quence flowing in high-sounding words and fruitful
thoughts without more than earthly impulse. Phi-
losophy, too, mother of all arts, what else is it
than, as Plato terms it, a gift, an invention of the
gods ? This led men first to the worship of the
gods, then to those mutual rights that are inherent
in human society, then to modesty and magnanim-
ity; and at the same time it dispelled darkness
from the soul as from the eyes, so that we could
see all things, above, beneath, beginning, end, and
middle. This which effects so many and so great
things is evidently a divine power. For what is
the memory of things and of words ? What, still
further, is invention? Certainly that than which
nothing greater can be conceived of in a god. For
I do not think that the gods rejoice in ambrosia
or nectar, or in Juventas 2 filling their cups ; nor do
I believe Homer when he says that Ganymede was
stolen for his beauty to become Jupiter's cupbearer.

1 Of this planetarium there remains no detailed description ;
but from what we learn of it, it must have revolved by machinery
like that of the modern orrery.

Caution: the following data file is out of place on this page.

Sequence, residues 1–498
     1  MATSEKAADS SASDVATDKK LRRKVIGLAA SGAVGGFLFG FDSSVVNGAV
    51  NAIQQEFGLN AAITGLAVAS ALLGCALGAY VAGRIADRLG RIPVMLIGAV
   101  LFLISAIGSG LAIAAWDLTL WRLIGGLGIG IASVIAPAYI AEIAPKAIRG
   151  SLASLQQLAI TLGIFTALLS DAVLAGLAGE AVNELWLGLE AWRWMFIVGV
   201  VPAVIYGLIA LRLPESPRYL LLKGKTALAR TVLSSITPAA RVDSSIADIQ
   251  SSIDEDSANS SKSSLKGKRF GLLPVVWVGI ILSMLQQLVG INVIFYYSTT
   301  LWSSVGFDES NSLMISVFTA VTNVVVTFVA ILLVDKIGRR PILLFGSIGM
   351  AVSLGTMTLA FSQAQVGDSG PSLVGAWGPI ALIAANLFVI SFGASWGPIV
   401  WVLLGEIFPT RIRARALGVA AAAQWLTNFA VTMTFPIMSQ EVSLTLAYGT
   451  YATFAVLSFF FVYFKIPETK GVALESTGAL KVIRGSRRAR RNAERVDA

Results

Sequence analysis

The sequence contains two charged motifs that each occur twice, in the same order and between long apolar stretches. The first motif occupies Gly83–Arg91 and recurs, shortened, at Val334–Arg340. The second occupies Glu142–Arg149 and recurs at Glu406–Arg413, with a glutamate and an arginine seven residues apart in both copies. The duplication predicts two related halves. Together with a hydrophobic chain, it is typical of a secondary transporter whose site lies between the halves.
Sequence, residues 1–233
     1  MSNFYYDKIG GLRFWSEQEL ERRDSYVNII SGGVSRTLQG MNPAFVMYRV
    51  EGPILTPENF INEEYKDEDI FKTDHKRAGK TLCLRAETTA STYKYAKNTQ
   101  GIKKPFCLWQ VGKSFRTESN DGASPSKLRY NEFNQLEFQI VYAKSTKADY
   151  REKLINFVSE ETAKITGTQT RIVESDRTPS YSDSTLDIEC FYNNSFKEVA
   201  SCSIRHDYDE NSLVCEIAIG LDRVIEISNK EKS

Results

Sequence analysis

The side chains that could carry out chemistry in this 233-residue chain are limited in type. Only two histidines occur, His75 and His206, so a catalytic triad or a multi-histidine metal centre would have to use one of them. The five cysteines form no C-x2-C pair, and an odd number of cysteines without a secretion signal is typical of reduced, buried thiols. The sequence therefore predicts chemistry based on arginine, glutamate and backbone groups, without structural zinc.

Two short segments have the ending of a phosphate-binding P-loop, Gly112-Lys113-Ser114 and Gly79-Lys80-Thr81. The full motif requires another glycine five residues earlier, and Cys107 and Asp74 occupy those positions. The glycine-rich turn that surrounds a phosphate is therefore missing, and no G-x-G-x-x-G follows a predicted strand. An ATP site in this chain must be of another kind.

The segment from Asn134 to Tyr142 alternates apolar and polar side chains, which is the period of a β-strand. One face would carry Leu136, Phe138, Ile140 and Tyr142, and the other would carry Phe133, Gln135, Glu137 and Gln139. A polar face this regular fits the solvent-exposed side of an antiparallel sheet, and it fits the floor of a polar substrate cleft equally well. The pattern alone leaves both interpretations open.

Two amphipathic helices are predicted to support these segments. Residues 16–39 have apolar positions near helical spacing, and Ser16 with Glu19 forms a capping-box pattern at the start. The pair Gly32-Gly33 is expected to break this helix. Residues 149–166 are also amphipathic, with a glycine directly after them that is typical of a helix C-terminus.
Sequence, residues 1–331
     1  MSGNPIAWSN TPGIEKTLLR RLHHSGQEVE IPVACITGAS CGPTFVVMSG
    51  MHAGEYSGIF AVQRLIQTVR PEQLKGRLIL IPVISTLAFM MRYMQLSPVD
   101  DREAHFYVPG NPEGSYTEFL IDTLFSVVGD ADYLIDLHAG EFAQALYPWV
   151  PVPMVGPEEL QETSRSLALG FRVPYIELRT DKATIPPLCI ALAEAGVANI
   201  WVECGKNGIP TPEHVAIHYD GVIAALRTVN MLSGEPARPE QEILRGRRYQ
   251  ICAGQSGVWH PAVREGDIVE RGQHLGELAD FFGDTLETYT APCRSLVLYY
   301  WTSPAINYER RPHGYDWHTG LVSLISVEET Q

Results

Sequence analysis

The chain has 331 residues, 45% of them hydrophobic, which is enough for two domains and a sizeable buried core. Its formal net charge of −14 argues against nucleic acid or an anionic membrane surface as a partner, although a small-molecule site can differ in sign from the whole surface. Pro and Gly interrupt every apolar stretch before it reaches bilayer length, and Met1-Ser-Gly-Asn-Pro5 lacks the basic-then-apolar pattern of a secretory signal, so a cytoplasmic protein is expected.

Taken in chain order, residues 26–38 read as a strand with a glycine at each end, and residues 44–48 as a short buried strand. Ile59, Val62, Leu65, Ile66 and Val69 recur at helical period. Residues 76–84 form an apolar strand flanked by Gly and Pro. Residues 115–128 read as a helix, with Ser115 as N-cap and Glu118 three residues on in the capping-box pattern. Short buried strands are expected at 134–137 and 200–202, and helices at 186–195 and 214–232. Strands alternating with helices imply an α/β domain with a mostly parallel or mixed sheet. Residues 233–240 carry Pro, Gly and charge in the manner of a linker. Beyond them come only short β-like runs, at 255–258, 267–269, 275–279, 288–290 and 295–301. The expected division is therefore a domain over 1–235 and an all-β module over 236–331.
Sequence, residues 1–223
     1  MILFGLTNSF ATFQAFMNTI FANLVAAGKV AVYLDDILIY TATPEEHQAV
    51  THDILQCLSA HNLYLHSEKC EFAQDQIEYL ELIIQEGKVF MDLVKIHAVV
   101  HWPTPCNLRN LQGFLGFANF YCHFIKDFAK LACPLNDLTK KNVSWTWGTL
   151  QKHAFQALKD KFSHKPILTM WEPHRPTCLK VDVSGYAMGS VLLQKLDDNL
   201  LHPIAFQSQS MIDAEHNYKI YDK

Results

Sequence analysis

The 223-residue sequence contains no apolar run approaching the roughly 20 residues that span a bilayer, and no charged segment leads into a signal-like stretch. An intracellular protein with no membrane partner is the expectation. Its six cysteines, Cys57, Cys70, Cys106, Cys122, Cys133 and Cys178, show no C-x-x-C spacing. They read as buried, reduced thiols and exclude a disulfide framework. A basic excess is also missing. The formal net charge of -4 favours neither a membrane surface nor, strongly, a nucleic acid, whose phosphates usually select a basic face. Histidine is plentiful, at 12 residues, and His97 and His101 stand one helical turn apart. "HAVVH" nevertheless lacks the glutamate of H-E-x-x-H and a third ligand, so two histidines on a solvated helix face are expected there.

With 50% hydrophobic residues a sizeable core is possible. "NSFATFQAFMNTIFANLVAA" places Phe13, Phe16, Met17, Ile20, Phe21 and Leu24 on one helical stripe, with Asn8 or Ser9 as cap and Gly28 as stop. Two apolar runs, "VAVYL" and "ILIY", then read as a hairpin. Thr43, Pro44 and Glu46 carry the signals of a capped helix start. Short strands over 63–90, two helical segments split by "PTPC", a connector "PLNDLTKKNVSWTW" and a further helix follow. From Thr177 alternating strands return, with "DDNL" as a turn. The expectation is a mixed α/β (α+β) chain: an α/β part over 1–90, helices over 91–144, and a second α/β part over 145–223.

2 An alias for Hebe.



48 Cicero's Tusculan Disputations.

This was no sufficient reason for inflicting such
a wrong on Laomedon. Homer in these fictions
transferred to the gods what belongs to man. I
would rather that he had transferred divine things
to us. What are the things divine ? To be strong,
to be wise, to invent, to remember. Therefore the
soul which, as I say, is divine, Euripides even dares
to call a god. Indeed, if God is either air or fire,
the soul of man is the same ; for the celestial na-
ture is free from the elements of earth and water,
and the human soul equally lacks them both. But
if there is the fifth nature first introduced into phi-
losophy by Aristotle, this is the nature alike of gods
and of souls.

27. To this last opinion I gave expression in my